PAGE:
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Q&A: Europe's extreme weather

Q&A: Europe's extreme weather


LONDON, England (CNN) -- CNNI Weather Anchor Guillermo Arduino answers questions about the extreme weather seen in Europe this summer, culminating in the devastating floods in central and eastern Europe.

Q. How bad has the weather been in central and eastern Europe?

A. The amount of rain we have seen in these areas is significant, there is no doubt about it. These are the worst floods in 50 to 100 years. However, this does not necessarily mean these are the worst rains in the last century.

Q. So why is the flooding so severe?

A. What is probably happening here is that the earth is not able to absorb as much water as it used to -- due to what man is doing to the environment. There are fewer trees, and there is more pollution, and more dams.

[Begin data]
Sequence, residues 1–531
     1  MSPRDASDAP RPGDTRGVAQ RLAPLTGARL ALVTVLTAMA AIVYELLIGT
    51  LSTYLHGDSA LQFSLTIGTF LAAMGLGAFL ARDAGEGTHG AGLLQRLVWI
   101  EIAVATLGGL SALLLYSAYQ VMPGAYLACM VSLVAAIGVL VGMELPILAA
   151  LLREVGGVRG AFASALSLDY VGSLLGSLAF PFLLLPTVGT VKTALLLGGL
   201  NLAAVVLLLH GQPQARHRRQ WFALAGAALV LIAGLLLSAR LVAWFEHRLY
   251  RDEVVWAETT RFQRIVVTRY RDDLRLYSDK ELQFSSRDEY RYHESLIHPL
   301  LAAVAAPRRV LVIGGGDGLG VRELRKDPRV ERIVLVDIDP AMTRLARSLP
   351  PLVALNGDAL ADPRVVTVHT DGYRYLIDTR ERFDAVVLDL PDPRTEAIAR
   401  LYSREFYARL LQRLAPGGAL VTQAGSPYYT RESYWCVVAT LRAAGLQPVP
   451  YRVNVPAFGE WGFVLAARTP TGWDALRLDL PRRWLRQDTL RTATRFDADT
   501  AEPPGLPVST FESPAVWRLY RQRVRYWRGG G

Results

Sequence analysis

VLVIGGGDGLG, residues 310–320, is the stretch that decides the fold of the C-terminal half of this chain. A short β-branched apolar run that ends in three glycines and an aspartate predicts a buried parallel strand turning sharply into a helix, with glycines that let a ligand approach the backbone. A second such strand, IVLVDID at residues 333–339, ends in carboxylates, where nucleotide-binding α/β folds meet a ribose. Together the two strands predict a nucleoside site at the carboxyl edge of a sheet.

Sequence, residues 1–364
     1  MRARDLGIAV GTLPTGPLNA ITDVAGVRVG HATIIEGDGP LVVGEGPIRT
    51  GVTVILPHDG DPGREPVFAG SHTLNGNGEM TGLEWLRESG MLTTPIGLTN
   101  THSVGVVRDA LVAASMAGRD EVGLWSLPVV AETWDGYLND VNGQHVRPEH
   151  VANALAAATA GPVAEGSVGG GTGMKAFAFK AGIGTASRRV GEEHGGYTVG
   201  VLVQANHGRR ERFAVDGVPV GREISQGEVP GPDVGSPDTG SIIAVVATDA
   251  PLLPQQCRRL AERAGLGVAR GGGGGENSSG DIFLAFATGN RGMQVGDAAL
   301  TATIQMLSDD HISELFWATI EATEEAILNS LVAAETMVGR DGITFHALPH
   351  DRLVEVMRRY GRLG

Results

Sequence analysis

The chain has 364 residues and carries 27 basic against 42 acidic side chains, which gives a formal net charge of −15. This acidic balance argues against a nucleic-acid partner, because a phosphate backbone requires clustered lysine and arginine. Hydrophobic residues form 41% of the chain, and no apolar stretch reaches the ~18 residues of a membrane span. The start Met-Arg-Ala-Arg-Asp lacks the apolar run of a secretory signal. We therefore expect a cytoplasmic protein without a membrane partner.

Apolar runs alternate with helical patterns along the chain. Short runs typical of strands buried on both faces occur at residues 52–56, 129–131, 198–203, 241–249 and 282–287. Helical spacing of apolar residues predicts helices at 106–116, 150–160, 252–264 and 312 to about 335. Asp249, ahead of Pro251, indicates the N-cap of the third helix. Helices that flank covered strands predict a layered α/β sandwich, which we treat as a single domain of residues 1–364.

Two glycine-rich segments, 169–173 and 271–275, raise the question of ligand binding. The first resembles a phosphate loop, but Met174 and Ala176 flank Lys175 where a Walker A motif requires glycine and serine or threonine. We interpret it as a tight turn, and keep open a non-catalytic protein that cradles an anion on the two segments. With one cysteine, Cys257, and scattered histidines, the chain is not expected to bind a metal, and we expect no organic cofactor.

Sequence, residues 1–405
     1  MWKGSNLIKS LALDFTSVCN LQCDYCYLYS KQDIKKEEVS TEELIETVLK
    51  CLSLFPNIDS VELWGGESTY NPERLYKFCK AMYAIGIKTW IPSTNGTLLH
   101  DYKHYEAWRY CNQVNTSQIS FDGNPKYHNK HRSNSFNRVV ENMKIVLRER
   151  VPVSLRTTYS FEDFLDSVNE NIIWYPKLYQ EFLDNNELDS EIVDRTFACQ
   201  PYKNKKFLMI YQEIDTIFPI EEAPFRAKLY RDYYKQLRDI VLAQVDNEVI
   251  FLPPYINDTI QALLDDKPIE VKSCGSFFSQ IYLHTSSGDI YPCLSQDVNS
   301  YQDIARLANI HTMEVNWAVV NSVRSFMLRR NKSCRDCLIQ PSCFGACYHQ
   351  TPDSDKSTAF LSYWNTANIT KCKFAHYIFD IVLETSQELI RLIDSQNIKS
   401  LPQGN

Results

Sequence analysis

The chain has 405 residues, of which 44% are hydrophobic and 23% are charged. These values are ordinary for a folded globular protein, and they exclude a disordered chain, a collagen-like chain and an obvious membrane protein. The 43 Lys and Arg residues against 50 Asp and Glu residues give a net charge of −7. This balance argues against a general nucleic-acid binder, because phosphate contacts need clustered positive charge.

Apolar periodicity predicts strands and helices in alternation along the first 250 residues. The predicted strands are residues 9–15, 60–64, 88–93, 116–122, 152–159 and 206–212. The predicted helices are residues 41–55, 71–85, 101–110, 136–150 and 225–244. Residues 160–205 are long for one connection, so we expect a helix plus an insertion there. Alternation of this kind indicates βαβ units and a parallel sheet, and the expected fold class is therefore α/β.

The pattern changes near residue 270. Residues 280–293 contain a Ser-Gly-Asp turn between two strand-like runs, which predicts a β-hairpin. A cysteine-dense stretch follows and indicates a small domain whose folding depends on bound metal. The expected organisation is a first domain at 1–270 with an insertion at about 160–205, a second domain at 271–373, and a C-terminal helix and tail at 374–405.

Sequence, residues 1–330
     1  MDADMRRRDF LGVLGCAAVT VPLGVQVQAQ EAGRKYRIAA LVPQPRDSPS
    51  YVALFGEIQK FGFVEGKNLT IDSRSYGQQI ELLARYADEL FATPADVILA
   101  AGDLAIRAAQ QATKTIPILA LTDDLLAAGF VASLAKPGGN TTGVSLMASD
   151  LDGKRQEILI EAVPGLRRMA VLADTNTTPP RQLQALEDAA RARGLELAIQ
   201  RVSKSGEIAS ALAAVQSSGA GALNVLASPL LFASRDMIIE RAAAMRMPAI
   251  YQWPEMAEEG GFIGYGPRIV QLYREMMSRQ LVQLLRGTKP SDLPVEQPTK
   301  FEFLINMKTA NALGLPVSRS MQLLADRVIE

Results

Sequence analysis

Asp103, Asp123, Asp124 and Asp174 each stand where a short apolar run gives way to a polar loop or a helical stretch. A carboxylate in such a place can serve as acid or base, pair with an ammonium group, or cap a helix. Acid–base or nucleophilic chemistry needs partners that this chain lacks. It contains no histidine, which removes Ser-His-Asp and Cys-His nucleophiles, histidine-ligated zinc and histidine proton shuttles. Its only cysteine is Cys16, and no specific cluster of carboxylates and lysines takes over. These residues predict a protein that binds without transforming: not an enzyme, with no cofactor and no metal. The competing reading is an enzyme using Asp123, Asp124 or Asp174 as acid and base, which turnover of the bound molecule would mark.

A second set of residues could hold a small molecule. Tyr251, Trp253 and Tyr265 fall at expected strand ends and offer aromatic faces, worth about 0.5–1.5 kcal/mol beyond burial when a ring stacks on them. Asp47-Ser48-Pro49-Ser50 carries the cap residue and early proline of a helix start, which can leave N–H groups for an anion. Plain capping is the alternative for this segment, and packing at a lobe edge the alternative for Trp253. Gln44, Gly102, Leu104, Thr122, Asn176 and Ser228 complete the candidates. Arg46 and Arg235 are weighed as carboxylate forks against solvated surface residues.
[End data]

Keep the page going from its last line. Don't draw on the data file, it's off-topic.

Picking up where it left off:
This is also an El Nino year, and there are several theories that El Nino might be responsible, but very few people understand what is actually going on. Data shows that during El Nino years there are more flooding episodes and other severe weather phenomena. The effects of global warming are surely on display here.

Q. But doesn't somewhere in Europe get flooded every year?

A. Yes. The heavy rains are obviously associated with deep and slow moving systems that take a lot of time to go through a region and then the soil does not have enough time to absorb that rain, but you cannot ignore the environmental details I expressed above.

Q. What is the outlook for central and eastern Europe?

A. It will continue to rain especially in Eastern Germany, Austria, Slovakia all the way to Ukraine and Belarus. Conditions will improve in 24 hours or so, but the floods will not recede as fast.



 
 
 
 



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